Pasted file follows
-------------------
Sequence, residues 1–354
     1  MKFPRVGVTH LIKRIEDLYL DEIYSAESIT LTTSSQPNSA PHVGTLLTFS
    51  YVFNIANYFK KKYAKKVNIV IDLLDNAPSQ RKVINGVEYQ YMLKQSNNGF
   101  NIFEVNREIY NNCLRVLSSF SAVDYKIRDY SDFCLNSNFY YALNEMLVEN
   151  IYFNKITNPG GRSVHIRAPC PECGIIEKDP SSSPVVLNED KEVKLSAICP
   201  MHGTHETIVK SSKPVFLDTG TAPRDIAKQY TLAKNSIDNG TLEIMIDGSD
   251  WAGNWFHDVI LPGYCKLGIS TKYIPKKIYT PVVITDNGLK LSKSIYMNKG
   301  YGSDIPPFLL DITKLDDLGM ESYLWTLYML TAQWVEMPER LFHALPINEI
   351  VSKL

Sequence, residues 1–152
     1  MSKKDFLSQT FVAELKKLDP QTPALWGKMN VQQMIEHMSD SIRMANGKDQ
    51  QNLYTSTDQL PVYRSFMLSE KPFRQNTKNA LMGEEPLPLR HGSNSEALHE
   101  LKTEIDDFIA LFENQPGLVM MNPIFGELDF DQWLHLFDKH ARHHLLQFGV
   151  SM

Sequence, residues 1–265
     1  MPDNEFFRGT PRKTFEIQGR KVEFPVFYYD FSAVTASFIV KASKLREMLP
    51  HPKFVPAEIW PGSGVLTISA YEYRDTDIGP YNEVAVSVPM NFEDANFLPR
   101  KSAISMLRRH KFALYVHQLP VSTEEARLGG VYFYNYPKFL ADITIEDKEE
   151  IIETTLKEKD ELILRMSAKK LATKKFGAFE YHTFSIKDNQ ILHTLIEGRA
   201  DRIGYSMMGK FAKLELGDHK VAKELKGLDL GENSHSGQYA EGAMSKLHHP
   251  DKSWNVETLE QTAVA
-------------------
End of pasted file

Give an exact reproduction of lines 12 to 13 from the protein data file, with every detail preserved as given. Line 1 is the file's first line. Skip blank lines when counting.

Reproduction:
    51  QNLYTSTDQL PVYRSFMLSE KPFRQNTKNA LMGEEPLPLR HGSNSEALHE
   101  LKTEIDDFIA LFENQPGLVM MNPIFGELDF DQWLHLFDKH ARHHLLQFGV